This record of the meeting captured the deep division between homeowners who paid management fees and those who did not. Arrearages on management fee payments not only affected daily operations of management but also jeopardized the tendering process because the expenditures in the tendering process would have to come from management fees, and the problems with arrearages problems would deter qualified management companies from bidding. Nevertheless, many of the DVMC members were themselves fee evaders. In fact, according to the figure released by the developer, these members collectively owed 659,275 RMB as of May 2000. DVMC tried to resolve the problem by creating a trust account, but the majority of fee evaders still refused to pay the arrearages. The problem was finally resolved through legal action when the PMB, at the request of DVMC, took several homeowners to court.
The recovery of the majority of arrearages finally allowed the tender process to occur in December 2002. An evaluation committee, composed of three experts appointed by the government and two homeowners, was established to assess each tender. Six bids were submitted to the evaluation committee. The contract was awarded to a new company. While the developer disbanded the PMB, most of the staff was reemployed by the new company, which marked the beginning of democratic control of the neighborhood.
One important finding from this analysis is that in China, the process of neighborhood democratization does not necessarily end with the establishment of an HOA. Rather, the establishment is merely a first step. It took DV homeowners approximately one year to establish an HOA, but more than two years to assume control over the neighborhood. The resistance of the developer is a key factor, as was found in previous studies. However, conflicts among homeowners also played an important role in this delay between establishment and control. At any given time, multiple actions were undertaken, some of them contradictory. In fact, conflicts over the course of action were always a threat to the unity of homeowners to the extent of severely limiting the ability of homeowners to work towards their common goals. These conflicts occur because homeowners are far from a coherent group but rather act and think as individuals with their own experiences, skills, knowledge, perspectives, and interests, among other factors. Furthermore, the success of neighborhood democratization is also explained by the fact that homeowners did not acquiesce after numerous setbacks, delays, disappointments, and tribulations. On the contrary, we can see that actions were constantly evolving due to increased knowledge acquired by individuals who became aware of the deficiencies in their behaviors.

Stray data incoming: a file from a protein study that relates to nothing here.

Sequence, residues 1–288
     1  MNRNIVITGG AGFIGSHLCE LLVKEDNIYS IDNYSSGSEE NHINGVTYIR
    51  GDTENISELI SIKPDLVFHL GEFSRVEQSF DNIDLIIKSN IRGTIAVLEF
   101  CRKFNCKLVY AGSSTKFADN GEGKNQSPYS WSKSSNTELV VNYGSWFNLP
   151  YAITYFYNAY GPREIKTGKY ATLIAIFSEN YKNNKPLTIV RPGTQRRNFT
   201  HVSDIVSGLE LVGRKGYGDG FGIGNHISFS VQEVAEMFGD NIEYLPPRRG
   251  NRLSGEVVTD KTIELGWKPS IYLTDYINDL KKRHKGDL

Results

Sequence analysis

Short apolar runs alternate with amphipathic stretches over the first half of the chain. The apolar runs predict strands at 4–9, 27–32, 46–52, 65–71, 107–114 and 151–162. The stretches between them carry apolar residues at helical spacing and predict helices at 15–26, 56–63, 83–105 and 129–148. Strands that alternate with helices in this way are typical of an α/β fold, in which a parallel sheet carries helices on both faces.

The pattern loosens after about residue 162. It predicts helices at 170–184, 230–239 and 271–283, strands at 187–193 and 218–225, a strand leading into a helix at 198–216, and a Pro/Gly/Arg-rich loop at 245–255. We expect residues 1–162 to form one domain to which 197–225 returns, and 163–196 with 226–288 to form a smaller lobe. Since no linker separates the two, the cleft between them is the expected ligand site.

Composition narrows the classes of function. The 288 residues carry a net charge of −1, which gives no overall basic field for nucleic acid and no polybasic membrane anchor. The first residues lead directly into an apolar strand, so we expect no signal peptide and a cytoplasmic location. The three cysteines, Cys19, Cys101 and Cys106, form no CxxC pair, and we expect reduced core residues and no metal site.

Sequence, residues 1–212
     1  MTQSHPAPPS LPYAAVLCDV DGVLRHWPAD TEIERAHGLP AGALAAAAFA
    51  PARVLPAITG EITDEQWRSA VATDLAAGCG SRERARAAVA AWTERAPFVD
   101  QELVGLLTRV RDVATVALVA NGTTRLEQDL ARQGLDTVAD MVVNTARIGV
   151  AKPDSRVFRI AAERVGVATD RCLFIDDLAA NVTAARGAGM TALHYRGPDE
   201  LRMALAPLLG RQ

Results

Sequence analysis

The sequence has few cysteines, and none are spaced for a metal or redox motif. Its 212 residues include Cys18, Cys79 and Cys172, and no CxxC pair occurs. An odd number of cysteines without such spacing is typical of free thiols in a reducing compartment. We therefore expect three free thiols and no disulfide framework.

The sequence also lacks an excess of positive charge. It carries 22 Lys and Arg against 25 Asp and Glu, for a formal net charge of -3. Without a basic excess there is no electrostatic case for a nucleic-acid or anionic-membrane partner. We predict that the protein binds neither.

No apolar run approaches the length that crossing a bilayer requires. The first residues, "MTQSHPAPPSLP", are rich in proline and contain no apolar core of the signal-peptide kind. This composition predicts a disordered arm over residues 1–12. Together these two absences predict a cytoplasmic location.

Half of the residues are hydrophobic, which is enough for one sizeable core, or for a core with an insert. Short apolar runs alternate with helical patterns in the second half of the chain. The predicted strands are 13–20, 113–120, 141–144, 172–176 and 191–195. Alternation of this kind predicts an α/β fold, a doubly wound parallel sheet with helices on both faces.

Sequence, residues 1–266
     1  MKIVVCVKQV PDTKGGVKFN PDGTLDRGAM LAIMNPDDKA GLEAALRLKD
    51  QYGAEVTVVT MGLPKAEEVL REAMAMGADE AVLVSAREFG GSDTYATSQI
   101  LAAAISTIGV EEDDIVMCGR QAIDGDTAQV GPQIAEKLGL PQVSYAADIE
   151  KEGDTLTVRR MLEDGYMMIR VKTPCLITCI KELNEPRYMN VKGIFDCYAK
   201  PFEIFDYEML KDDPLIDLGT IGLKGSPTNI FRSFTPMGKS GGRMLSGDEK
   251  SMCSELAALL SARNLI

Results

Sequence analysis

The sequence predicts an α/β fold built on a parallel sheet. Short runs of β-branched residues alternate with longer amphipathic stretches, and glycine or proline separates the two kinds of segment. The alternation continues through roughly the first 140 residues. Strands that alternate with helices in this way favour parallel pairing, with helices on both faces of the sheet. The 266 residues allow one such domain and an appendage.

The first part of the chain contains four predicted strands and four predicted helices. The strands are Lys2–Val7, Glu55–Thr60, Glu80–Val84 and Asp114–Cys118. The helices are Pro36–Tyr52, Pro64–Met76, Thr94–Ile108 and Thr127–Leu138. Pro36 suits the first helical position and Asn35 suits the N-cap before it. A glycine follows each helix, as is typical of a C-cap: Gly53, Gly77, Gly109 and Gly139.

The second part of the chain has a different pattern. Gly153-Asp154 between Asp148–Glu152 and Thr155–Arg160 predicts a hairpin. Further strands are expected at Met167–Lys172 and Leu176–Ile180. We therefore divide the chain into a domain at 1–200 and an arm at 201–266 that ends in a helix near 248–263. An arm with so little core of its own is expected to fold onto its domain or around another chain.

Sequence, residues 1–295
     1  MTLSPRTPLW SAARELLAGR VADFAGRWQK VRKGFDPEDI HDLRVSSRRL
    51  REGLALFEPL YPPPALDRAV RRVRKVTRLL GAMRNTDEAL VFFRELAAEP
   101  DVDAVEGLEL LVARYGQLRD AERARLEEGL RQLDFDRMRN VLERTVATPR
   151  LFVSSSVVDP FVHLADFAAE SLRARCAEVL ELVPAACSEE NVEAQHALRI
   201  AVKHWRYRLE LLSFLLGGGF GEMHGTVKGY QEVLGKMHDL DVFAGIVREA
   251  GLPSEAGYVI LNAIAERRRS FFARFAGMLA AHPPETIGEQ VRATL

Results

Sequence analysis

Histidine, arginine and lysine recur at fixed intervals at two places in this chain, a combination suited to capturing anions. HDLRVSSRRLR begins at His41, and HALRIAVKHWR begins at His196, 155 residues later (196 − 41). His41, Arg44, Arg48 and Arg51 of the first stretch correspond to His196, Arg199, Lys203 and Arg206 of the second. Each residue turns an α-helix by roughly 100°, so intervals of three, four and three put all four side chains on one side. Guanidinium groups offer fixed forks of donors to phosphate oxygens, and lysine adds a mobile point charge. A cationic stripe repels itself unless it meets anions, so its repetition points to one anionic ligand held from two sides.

5. Impact of Neighborhood Democracy
Because democratic self-governance is considered to be a symbol of a civil society in China, many studies focus on its broader sociopolitical implications. Read  argues that because Chinese homeowners are highly dependent on the party-state for their economic success and thus benefit from reforms, the group is unlikely to push for broader political reform. While this conservative sentiment is shared by domestic scholars such as Xiao  and Meng , recent assessments have become more optimistic regarding the political impact of neighborhood democracy after observing homeowners extend their influence by developing coalitions of HOAs, submitting legislation proposals to the People’s Congress at national and local levels and running as independent candidates for the local People’s Congresses [41, 42]. However, what has been ignored by the literature is the impact of democratic self-governance at the neighborhood level. How does democratic self-governance affect residents’ everyday lives? This section considers the impact of such self-governance from multiple aspects.
In terms of the quality of governance, the most definitive improvement has been in the transparency and accountability of expenditures, which translates into lower management fees. The improvement can be evidenced by comparing the management expenditure statements from 1998 and 2008 (Table 4), indicating that total expenditures decreased in real term from 1998 to 2008 by 14.7%. This decrease in expenditures allowed for a reduction in management fees to the historic low level of 0.55 USD/m2, with an aggregated result of a 25.7% drop in income. These changes are all the more impressive when we consider that the size of the community increased in ten years from 163 households to 228 households—a 40% increase. It is also important to note that the net savings were accomplished without implanting spending cut on services or maintenance. On the contrary, spending on services increased significantly. Rather, large savings were made in administration costs, depreciation taxes, insurance, and utility fees. Some of these savings were so significant that the only plausible explanation was that the 1998 figures were greatly inflated. The savings also indicate a conscious effort by homeowners to rein in spending. Overall, the comparison of management expenditure statements provides strong evidence for improved governance.
Democratic self-governance has also made a visible impact on the built form of the neighborhood as many homeowners have conducted extensive home improvement such as the addition of a porch or a facade, the enlargement of the house, or a complete remodeling of the house (see Figures 1 and 2). These practices were strictly prohibited when the developer was in control of the neighborhood for the sake of aesthetic coherency, as all of the dwellings in DV were designed by a single Canadian architect. Modifications to the exterior of the houses thus become very noticeable and introduce a sense of visual diversity to the neighborhood. This relaxation on home improvements reflects the homeowner’s perception of the neighborhood as a space of conspicuous consumption (c.f. ). The celebration of choice and individuation through consumption, a staple of neoliberalism, is particularly evident . However, not all homeowners are pleased with this change, as one interviewee complained to me stating the following: